I'm not sure of the exact details, but my friend dated him at school and they were married for quite some time before they divorced. Both parties eventually re-married and life continued. With children in the mix, there was always a fair amount of organising to ensure both parents got to spend quality time with their children. In order for this to happen, constant communication between the two was necessary. I'm sure in the beginning the conversations were strained, with emotions running high, having to talk to "the ex" but as the years passed, the conversations had grown into friendly, respectful and upbeat encounters, instead of sharp and abrupt messages. Both parents had wisely nurtured this relationship as co-parents to their beautiful children.
This is what good parents do, they put their childrens' needs above their own and build a new relationship with their child's other parent. I'm sure there were debates and disagreements along the way but these children weren't made to feel like pawns in a chess game, which often happens with divorce, they felt loved and had good relationships with both sets of parents.
The reason for this post, is that I watched the social process of this death from the outside and it really disturbed me. When the dad died, Facebook lit up with messages of love and sympathy and support for the family (social media really comes into its own during drastic, life-changing events.) Many messages were generic but some were intensely personal, remembering specific events that friends and family had enjoyed with the deceased, some knowing him for longer than 30 years. The messages were heartbreaking and everyone reached out to his wife and children, often tagging them and offering support. This was really lovely and must have given the family so much strength during their darkest hour.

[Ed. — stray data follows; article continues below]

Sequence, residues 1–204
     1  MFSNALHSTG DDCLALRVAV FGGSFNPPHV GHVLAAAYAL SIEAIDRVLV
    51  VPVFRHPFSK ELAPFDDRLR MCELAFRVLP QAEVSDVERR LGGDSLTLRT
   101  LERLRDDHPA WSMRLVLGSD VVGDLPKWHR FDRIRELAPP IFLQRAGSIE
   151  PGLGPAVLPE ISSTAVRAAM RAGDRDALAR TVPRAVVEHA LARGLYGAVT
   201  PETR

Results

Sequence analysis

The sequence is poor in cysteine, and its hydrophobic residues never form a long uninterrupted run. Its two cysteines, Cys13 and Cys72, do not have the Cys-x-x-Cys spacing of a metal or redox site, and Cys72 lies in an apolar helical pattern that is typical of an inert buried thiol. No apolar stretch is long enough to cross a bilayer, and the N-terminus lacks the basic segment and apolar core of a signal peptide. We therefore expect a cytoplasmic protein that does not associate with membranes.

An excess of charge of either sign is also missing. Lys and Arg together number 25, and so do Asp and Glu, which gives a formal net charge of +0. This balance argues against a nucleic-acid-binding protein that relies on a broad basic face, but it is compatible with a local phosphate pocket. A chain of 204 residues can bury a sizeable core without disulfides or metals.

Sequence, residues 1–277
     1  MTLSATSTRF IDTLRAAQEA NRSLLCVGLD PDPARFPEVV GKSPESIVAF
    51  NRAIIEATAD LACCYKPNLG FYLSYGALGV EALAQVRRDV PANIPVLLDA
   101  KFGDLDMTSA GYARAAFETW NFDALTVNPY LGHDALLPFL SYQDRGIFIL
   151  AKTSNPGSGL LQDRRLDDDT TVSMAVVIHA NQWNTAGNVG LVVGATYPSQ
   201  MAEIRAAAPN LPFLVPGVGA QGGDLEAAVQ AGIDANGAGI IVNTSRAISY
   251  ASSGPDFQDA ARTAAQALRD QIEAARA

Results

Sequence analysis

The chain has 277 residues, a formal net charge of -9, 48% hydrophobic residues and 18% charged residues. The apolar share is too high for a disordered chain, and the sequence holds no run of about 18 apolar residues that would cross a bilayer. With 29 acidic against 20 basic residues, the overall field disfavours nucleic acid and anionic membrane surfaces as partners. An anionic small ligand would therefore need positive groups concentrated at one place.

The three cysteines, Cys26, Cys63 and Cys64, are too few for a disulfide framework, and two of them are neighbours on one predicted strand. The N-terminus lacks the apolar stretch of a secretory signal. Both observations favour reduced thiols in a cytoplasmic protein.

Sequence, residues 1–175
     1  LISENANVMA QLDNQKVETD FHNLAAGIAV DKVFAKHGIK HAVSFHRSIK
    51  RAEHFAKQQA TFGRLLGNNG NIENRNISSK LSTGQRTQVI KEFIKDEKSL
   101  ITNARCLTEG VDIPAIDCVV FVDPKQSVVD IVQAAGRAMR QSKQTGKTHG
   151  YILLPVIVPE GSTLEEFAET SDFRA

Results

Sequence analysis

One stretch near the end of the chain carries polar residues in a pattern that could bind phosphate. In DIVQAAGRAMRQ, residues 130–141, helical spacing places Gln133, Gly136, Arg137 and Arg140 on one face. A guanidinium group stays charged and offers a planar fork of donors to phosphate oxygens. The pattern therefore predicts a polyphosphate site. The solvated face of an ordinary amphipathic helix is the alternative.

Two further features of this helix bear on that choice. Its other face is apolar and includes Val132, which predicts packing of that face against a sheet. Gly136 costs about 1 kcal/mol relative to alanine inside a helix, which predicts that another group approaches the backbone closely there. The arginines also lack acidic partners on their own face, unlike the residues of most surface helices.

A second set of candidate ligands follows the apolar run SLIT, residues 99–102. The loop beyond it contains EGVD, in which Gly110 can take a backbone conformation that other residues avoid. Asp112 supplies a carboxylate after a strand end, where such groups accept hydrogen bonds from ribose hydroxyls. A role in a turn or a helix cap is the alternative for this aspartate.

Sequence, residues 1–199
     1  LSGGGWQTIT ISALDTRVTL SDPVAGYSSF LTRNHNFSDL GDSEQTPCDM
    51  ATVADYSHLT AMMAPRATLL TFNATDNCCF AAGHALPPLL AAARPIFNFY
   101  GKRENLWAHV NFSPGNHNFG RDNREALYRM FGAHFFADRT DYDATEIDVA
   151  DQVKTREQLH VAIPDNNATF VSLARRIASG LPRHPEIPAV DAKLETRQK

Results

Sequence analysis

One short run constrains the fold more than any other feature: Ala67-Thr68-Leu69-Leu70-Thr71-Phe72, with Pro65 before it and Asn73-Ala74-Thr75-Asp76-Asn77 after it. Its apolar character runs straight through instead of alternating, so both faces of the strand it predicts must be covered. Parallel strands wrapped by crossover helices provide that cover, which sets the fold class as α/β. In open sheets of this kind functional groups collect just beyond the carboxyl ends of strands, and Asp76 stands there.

What disturbed me, was that NOT ONE person mentioned "the ex," the mother of the deceased's children who now has the difficult task of helping her children navigate the turbulent waters of life without their father's guidance. The woman, who once stood at the alter, starry-eyed, imagining loving this man to eternity, the woman who had loved him and had his children, who had shared her hopes and fears and opened her soul to him during their time together, was hurting. She too had suffered a massive loss. I understand that the marriage was over and I'm not saying that she was still IN love with the man, but she definitely still loved him. He would always have a special place in her heart that nobody else could have, not romantically, but in a shared life-experience way, as her children's father. There will never be another call to talk about the kids, to rejoice in their achievements and commiserate in their disappointments. Having someone in your life for 28 years and then having them yanked from it, leaves a hole.
When I sent my friend a message to give her some support as she prepared for the funeral, I addressed this issue with her and she admitted that she was incredibly hurt. She knew her place, she was not the widow, but she was something. Those long-term friends who had posted personal messages and sent condolences to the family, had once been friends of hers too, they had been at her house, eaten at her table. Obviously in a divorce, friends will pick a side, but they knew her and they must have known that she was hurting, if nothing more than for her seeing her children lose their dad, but not a word was
The words she wrote were as follows:
Reading all the messages has been heartbreaking. Not one acknowledgement to me the ex-wife.Who says my heart is not as sore as any one else? I just want to scream "Hello! I'm here too!" I'm so sad. It's like I was and am now nothing. I will just have to face the ugliness of it all. I am dreading the funeral but will be there to support my children, and my husband will be there to support me, as I say my final goodbye to the man who once was my life.